Finally, we need to take into account the title of our shaman-character Atli. He is said to be the “Earl´s son,” later (after initiation and the acquiring of a supernatural bride) an earl in his own right. The title of earl – iarl in old Norse – is derived from the proto-Norse word erilaR, as found in rune-inscriptions in which it is revealed that the erilaR was used to describe someone versed in spells, magics and runes – a priest, rune-master and magician. The earl, traditionally, is at the king´s side, one of the highest nobles. It would seem that his original position was that of a royal shaman.
The Unmanliness of Seiðr“Óðinn knew that art which brings the highest power, and he practiced it himself: It was called seiðr, and from it one could know people´s destinies…But this sorcery led to so much unmanliness that men cannot practice it without shame…” Snorri Sturluson, Ynglinga saga, Heimskringla, chapter 7
Magic and ritual, especially seiðr, was primarily the realm of women, but there were obviously many male practitioners too. Men could also be priests and lead rituals and sacrifice, and there were several rituals in connection to the male domain of warriors. Men who practiced magic and sorcery, however, were considered a bit unusual. It seems that men who were not “manly” enough for their time could resort to witchcraft, which required a certain “unmanliness”. One of the titles of a male practitioner of seiðr is seiðberendr, which means “seiðr-womb” [that is, a womb (or vagina) acquired through the magical art of seiðr].
This gender ambiguity in connection with magic could also be present in female practitioners. Burials show that men and women who were buried with magical gear, often were buried with objects that usually belonged to the opposite sex. The wand of the witch was called völ, which actually refers to a stallion´s penis. That she wields this wand as a sign of authority points to gender ambiguity. In this way, people who did not fit into the usual hetero normative gender roles could in the realms of ritual and magic find an accepted avenue within the otherwise rather gender divided society. To possess the qualities of both genders could be seen as magical in itself and a sign of power. The god Óðinn and the Edda character Loki both possess such gender bending qualities – always in connection to magic, and as we shall see, a certain ritual gender bending seems to be in place during rituals of initiation.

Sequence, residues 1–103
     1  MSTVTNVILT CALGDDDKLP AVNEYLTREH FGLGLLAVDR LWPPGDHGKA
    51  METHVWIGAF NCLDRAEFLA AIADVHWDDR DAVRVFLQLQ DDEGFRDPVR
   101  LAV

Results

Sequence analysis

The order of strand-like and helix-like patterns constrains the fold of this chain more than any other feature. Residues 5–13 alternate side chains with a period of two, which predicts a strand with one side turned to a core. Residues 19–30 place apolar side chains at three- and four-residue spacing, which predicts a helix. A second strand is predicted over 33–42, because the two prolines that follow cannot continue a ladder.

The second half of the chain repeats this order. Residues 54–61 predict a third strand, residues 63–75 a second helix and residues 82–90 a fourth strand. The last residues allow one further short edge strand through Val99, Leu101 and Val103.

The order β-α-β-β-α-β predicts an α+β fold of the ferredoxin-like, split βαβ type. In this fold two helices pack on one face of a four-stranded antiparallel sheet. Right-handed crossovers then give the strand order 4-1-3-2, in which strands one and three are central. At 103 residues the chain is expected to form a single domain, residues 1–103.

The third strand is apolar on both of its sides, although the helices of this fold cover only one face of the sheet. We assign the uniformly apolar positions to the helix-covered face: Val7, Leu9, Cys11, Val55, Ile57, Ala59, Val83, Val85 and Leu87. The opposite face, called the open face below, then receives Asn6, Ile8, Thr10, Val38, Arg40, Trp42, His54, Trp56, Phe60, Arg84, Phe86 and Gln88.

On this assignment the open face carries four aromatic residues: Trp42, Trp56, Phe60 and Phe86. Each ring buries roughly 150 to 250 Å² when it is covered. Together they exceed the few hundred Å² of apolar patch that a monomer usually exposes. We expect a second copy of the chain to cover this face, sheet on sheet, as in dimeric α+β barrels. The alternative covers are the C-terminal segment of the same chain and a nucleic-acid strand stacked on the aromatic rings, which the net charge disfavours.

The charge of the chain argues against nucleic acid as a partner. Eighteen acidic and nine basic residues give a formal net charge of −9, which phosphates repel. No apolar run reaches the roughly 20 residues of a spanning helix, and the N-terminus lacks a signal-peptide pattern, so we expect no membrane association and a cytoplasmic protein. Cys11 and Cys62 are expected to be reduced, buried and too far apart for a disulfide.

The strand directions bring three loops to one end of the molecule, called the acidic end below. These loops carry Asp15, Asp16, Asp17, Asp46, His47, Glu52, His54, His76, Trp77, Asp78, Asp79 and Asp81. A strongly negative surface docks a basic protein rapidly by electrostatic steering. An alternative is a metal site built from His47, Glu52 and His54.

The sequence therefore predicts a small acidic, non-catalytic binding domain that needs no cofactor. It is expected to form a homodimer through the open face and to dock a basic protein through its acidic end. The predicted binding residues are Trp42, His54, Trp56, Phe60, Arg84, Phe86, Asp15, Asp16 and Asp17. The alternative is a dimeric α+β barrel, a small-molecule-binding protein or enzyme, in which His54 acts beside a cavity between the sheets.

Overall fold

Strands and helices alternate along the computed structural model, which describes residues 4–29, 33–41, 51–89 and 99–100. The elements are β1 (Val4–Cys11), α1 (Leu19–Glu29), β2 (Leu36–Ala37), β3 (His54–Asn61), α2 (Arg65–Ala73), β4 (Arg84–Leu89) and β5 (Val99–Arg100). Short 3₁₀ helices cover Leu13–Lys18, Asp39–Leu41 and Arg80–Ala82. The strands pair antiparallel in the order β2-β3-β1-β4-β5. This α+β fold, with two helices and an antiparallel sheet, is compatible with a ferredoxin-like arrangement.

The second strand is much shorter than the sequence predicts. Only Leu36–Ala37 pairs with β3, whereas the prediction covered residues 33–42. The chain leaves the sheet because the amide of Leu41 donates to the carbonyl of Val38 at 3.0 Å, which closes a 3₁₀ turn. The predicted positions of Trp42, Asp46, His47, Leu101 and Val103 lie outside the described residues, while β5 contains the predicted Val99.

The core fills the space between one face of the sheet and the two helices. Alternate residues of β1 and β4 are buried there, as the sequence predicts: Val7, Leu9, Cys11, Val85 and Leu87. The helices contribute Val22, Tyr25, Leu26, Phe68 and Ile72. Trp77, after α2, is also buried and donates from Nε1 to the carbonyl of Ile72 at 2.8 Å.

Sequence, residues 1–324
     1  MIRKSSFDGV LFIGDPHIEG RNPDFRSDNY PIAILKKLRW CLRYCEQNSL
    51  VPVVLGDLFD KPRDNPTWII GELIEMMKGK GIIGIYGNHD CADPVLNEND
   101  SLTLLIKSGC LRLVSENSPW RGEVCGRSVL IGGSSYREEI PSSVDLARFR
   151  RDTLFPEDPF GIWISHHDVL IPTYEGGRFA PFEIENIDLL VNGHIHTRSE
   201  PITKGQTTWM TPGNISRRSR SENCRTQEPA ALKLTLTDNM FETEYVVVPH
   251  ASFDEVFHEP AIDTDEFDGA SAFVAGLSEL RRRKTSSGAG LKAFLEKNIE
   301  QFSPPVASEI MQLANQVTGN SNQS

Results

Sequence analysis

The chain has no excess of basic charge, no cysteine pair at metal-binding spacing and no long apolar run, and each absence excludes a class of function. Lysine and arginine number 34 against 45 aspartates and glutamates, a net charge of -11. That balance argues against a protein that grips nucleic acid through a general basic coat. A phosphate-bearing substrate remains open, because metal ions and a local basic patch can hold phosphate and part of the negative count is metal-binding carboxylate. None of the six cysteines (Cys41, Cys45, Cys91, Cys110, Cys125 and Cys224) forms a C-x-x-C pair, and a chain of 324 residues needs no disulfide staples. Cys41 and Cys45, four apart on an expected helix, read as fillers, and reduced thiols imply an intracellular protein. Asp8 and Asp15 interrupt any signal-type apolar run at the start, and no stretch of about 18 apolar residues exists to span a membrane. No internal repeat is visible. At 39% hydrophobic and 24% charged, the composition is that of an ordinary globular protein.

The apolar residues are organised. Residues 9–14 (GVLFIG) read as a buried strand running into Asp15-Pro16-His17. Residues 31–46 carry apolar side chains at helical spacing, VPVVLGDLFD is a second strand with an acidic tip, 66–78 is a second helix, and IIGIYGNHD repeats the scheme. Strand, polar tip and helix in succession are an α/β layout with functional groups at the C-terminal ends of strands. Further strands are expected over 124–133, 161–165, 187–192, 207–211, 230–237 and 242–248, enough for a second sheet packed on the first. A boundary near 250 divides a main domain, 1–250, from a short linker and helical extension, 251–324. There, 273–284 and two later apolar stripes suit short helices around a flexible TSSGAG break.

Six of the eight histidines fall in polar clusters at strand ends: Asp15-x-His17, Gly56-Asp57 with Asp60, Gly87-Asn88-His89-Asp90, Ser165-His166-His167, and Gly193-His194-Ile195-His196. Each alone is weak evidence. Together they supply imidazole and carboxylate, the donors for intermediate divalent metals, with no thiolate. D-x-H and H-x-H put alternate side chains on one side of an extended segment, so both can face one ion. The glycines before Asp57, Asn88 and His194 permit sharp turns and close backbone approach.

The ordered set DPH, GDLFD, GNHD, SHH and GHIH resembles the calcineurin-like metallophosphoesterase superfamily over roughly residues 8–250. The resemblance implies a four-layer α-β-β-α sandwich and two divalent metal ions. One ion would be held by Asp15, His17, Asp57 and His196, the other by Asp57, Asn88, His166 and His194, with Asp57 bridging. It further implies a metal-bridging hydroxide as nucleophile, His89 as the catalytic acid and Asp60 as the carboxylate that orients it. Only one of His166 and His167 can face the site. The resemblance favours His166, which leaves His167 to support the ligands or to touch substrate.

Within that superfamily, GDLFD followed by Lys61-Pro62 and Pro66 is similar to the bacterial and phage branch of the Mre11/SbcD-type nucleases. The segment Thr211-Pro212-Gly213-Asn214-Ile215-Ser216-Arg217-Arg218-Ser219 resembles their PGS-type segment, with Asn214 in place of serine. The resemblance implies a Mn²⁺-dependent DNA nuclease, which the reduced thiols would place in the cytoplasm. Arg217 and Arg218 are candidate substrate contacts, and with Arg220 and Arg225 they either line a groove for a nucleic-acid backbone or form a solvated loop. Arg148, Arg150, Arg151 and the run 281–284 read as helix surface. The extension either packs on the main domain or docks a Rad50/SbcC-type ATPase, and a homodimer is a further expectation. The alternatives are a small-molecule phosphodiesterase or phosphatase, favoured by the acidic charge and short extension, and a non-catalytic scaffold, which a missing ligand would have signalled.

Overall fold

When the sagas were written down during the 13th century AD, Christian medieval scholars may have found themselves somewhat embarrassed by this less “manly” aspect of their ancestral heritage. This embarrassment may have begun even during the late Viking Age, as the sagas point to some persecution of male practitioners on the grounds of them being ergi – shameful. The number of male practitioners and the fact that the highest god himself was one of them testifies, in my opinion, to a more accepting and respectful pagan attitude to ritual gender ambiguity.
 Hávamál, st. “And I received nine powerful songs from the famous son of Bolthorn, Besla´s father. Besla is Odin´s mother, her father´s son is thereby his maternal uncle.
 Helgakviða Hundingsbani I, st.40, Poetic Edda
 Helgakviða Hjörvardssonar, Poetic Edda
 See Part Three, Chapter 4
 See Part Three, Chapter 2